After twenty-five years working on women’s rights and development issues, I feel hopeful that we are close to a breakthrough. This is in part due to the growing movements triggered by #MeToo and #TimesUp, but also because women around the world -- from India, Tunisia, and Nigeria, to Ireland and the United States -- are organizing, protesting, and demanding their rights. They are participating in peace processes, advocating for political power, and demanding more just laws. Unfortunately, these movements often lack the voices and stories of the large group of marginalized women who live in conflict-affected areas and below the poverty line.
Whether in Afghanistan or the Democratic Republic of the Congo, the majority of impoverished and conflict-affected women are deprived of the opportunities, skills, and networks needed for political participation and social mobilization. They are vulnerable not only to challenging gender norms, but also to war, food insecurity, climate change, and extreme poverty. To ensure we achieve Sustainable Development Goal 5 – achieving gender equality and parity – we must ensure women who are traditionally marginalized – including those living in conflict-affected areas – have the opportunity to gain the skills, tools, and support needed to be decision-makers within their own communities and beyond. And in most cases, that process begins at home.
If women do not have the power to make decisions about their own economic and social participation, and if their husbands and families prevent them from getting an education, earning an income, running for office, or being part of public life, how can they contribute to political change?
The real question -- how do you shift decision-making power within the home?
Review after review reveal that the place where we see the least change is in women’s decision-making power at home. Take micro-finance programing for example: through this model more money is brought into the house, however there is no guarantee that women will have the power or opportunity to make decisions about how that income is spent.
If we want to strengthen women’s political participation and decision-making power and ensure they have a seat at the “table”, then we cannot leave out the women who still don’t have the pathways to get to that seat, the language to speak at the table, and the tools and networks to amplify their voices.
This is why Women for Women International starts at the micro level and strives to ensure women are empowered to influence decision-making in their homes and in their communities through a one year social and economic empowerment program. Through this program, women earn and save money, develop health and wellbeing, create and connect to networks of support and increase their decision-making power. For example, establishing or joining village savings and loans associations (VSLAs) or being referred to local healthcare providers to learn how to manage their reproductive health, and family hygiene. Importantly, the participants also learn about their fundamental rights and the importance of civic participation, voting, and supporting other women to do the same.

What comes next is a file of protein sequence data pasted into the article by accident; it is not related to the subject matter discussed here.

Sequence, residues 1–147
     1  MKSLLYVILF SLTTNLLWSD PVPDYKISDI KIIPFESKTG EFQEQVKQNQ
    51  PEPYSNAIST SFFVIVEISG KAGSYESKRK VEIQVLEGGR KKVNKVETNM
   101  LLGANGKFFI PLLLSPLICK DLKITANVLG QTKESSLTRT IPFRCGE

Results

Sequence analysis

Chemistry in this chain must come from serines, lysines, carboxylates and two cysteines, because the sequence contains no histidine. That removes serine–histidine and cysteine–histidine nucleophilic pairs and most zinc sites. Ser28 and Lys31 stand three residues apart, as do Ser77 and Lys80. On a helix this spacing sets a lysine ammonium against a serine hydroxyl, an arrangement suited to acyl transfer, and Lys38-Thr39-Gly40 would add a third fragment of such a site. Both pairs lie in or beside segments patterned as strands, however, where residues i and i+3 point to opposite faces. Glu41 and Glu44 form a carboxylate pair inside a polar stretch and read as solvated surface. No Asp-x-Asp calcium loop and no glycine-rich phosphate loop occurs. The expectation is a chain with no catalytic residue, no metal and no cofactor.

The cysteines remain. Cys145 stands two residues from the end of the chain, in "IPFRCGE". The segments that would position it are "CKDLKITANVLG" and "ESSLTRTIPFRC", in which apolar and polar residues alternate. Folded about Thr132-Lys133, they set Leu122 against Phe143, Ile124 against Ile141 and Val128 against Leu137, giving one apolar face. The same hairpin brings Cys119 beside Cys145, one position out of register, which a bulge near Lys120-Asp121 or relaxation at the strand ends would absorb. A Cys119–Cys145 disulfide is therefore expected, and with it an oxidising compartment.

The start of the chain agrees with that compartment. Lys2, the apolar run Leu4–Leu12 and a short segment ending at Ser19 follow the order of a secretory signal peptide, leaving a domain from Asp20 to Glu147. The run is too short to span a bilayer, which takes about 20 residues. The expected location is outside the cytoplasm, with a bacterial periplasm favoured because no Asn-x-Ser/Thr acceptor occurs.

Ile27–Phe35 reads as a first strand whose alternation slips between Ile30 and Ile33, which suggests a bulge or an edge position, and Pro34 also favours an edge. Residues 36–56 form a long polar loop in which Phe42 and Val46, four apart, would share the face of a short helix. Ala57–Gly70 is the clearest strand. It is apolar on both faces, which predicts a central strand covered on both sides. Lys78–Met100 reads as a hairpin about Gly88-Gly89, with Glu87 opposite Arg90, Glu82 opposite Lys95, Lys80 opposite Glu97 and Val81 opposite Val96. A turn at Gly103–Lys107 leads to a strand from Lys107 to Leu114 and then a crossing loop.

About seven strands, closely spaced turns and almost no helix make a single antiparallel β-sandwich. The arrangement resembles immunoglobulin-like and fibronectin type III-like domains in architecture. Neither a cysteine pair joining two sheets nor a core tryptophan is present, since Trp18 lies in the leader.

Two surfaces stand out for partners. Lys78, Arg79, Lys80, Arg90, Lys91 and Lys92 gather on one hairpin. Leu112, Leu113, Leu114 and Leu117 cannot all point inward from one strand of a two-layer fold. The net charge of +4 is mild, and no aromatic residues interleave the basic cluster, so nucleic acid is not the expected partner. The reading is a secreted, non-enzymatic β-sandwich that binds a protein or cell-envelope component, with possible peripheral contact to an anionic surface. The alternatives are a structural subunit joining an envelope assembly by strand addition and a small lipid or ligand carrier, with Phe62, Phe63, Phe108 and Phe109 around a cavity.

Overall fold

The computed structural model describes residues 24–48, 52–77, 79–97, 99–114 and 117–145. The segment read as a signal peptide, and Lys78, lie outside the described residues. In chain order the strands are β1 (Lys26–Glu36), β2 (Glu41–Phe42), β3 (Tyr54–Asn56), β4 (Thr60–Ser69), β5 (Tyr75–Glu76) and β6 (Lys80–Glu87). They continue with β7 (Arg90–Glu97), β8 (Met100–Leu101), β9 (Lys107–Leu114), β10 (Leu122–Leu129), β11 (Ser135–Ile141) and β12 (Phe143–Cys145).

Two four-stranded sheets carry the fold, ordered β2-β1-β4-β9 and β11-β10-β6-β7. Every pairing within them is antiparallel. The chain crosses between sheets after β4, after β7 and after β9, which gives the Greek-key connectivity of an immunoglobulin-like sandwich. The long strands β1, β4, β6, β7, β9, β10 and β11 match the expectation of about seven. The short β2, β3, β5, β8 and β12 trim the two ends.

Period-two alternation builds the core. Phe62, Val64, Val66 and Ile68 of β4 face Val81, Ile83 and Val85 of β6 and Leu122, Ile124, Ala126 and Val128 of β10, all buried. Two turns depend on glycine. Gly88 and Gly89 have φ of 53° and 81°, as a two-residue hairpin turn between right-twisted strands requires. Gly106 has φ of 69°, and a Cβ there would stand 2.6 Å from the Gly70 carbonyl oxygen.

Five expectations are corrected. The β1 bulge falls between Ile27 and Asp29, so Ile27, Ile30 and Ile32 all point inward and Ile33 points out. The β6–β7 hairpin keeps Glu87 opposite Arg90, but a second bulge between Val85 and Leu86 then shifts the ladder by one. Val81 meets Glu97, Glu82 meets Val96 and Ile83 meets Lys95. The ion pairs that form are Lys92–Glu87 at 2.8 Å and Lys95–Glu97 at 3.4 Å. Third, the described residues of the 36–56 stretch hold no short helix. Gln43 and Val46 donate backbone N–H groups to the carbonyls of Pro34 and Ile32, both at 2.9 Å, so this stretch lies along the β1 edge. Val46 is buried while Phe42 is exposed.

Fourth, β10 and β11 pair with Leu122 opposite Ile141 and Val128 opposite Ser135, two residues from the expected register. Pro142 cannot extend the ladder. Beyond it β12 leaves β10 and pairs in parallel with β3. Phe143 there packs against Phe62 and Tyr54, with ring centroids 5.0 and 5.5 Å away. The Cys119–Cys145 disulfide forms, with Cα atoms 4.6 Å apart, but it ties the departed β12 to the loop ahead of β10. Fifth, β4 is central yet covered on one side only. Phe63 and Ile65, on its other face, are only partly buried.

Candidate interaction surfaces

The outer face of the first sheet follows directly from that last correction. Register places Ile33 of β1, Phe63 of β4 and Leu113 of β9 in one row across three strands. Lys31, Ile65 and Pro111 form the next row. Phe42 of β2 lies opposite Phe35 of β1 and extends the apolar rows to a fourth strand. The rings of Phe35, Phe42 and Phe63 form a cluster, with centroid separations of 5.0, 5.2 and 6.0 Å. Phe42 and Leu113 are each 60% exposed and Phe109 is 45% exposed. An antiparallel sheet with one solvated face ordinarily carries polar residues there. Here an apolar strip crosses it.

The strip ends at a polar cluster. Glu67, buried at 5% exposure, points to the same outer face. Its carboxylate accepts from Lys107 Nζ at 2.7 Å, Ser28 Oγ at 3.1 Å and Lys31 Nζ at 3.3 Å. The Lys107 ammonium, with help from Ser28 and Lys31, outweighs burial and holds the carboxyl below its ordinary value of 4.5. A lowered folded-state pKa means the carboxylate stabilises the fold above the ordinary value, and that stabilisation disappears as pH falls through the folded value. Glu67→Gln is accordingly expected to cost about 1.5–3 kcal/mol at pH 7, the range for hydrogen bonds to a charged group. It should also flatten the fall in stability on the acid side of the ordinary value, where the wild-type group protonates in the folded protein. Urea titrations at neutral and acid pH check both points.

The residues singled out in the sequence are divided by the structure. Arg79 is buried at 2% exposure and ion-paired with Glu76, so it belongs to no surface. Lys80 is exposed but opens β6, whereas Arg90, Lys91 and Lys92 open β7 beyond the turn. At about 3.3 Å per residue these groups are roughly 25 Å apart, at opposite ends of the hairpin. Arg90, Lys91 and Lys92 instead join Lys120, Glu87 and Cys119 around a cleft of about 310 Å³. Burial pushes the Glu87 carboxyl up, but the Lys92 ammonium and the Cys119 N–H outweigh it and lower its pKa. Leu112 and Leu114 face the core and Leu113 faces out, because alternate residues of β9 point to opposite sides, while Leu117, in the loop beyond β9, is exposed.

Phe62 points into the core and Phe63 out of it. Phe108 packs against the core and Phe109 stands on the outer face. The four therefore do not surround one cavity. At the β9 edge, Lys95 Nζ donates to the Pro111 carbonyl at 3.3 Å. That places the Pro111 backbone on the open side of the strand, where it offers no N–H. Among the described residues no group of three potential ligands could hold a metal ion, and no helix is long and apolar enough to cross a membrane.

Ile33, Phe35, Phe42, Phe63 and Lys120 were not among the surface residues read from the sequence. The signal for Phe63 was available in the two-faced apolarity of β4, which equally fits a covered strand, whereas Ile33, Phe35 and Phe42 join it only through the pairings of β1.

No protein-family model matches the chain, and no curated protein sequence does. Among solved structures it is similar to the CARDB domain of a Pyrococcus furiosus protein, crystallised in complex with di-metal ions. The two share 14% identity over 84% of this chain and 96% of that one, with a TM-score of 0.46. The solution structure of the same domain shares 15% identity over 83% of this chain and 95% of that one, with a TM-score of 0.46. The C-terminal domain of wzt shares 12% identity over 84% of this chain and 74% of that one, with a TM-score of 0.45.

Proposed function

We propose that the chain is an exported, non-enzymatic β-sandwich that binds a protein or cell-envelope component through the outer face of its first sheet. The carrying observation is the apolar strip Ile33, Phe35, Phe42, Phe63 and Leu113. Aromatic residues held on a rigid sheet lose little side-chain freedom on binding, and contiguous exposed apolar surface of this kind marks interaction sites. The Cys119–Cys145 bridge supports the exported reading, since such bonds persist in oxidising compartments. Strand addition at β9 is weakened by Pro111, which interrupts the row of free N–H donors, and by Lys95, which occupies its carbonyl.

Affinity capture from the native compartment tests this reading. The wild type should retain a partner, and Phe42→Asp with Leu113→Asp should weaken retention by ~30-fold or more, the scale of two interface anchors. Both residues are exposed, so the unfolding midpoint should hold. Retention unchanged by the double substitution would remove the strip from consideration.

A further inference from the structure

Program evaluations reveal that upon graduating from the comprehensive course, more women engage in their families’ financial decision making (63% before and 91% after) and more women have a voice in their household family planning decisions (53% before the program and 93% after). These changes in women’s decision-making power positively impacts not only themselves but also their families and communities.
Research shows that when women are socially and economically empowered, they invest in their families and communities and advocate for the rights of the disadvantaged. Women for Women International’s graduates prove this every day. More than 475,000 women in Afghanistan, Bosnia-Herzegovina, Democratic Republic of the Congo, Kosovo, the Kurdistan Region of Iraq, Nigeria, Rwanda, and South Sudan have gained critical skills and the decision-making power needed to pursues a brighter, healthier, and more secure future for their families.
Take the experience of Hosai Bayani from Afghanistan. Hosai’s husband abandoned her without explanation. She and her two children were forced to move in with her in-laws who resented their imposition. In need of new opportunities, Hosai signed up for the Women for Women International training program which not only provided her with new skills but also cultivated a passion for helping survivors of violence. This eventually led to a job with Women for Women International as a trainer. With new earning power, she gained the respect of her in-laws and the community which ultimately inspired her to run for a local government office. Today, Hosai is building peace and bringing change in her community. She is a respected decision-maker in her home, her community, and in her government demonstrating the impact of investing in women’s agency and the leadership skills needed to have her voice heard and respected.
Hosai is just one example but the same story and impact of women taking on leadership roles in their neighborhoods, villages, towns, and countries remains true in other conflict-affected and impoverished communities around the world. Women survivors of war have the resilience and courage to be leaders. They just need the support to develop skills and to be connected to networks that will amplify their voices.
At this critical moment of global conversation for accountability for sexual harassment and violence and changing laws around the world to protect women’s rights, we must also hold our movements accountable and ensure we include the marginalized women who are often silenced by war and poverty. If we truly want to set the agenda for change and women’s empowerment, this inclusion is the only way we will ensure that movement drives change for and with women everywhere.